Toy Shop Boys has been pretty dull so far. Wide open spaces with minimal incoming fire to avoid and small waves of enemies that can generally be wiped out before they even get on the screen - I was having to stop firing so I could get screenshots that actually had enemies in them - and plain, basic graphics make for an experience that doesn't compare favourably in the excitement stakes to flossing your teeth, never mind something like Gradius or a Cave shooter.

Things picked up a little during the first boss fight, with these two Formula One car firing enough shots at me to force me into paying attention. I wasn't feeling particularly threatened, mind you. There's plenty of space to move around in, the bullets follow obvious patterns and more importantly the Toy Shop Boys have gained a protective golden coating that allows them to take two hits before they die. I didn't need the extra defence or anything, but it was nice to have a safety net just in case firing boomerangs from the bottom of the screen and occasionally making a small movement to the side stopped being the most effective strategy (spoiler: it didn't).

In a shocking indictment of just how unengaging Toy Shop Boy's first stage was, I managed to get through it despite only destroying 49% of the enemies. I let over half the enemies survive, and not because they were difficult to beat but because making the effort to kill them held a similar amount of appeal as running a marathon with dumbbell stuffed down each sock. Still, 49% is really low. I'm going to have to pick that up in the next stage.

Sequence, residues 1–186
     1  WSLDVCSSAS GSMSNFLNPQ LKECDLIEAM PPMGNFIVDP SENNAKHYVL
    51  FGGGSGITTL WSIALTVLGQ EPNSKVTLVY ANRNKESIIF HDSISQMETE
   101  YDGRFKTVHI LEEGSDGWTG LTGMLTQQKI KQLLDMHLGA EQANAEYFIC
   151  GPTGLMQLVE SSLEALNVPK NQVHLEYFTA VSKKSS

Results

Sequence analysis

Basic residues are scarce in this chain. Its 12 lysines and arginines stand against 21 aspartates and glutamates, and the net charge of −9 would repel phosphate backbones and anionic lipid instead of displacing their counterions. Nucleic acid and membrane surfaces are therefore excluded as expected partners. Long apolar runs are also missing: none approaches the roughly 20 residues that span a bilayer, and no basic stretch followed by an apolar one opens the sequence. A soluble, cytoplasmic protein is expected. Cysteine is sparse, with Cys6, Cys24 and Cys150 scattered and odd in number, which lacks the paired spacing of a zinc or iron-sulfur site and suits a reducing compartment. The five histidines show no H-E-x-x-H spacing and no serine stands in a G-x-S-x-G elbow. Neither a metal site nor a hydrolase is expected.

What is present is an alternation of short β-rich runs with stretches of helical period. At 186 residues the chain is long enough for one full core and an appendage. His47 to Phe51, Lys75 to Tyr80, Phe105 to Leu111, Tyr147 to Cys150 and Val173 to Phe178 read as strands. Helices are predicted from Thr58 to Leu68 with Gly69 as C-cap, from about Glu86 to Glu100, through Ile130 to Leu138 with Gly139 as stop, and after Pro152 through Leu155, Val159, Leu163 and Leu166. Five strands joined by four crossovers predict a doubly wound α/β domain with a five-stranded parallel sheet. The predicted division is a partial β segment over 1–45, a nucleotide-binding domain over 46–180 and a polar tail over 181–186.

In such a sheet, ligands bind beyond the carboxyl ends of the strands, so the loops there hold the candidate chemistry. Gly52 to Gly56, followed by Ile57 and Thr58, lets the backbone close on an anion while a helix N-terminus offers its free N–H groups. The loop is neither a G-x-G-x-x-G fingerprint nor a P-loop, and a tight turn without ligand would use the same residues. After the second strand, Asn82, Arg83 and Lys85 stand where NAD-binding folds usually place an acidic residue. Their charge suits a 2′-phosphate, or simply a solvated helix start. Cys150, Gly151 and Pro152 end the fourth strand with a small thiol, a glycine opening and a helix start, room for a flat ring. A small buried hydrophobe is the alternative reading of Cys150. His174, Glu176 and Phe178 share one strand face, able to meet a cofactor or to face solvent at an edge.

The Lego-Megabloks War took a devastating toll on the surrounding landscape.

The ruined buildings, tanks and these soldier enemies based on those wind-up "crawling sniper" toys so commonly seen in pound shops and seaside markets up and down the length of Britain made me think that stage two was going to have a war theme, which seems like fertile enough ground for a game based around toys to exploit. Sadly, Mutech couldn't stick with that theme and instead of fighting tubs of green army men or those paratrooper toys whose flimsy plastic parachutes never seemed to work properly, there's a miniboss fight against some model trains which I'm only calling a miniboss because the screen stopped scrolling momentarily. There are also rubber ducks.

Look at that duck's face, he's got no idea what's going on. Neither do I, really. On a basic level I know I'm trying to defeat Gamma and that he "has my toys", but what does that mean? Are all these toys I'm fighting my own toys, twisted by Gamma 's evil machinations to fight against their former masters? Why do these toys even have guns? Are the Toy Shop Boys a shadowy cabal of weapons developers who are merely hiding their true work behind the candy-coloured smokescreen of a Toys R Us clearance aisle? It'd explain why Gamma wants to steal them if that was the case, but it definitely doesn't explain why you would design your mobile aquatic artillery platform to look like a duck. A goose I could understand, because geese are vicious, murderous creatures, but a duck? C'mon.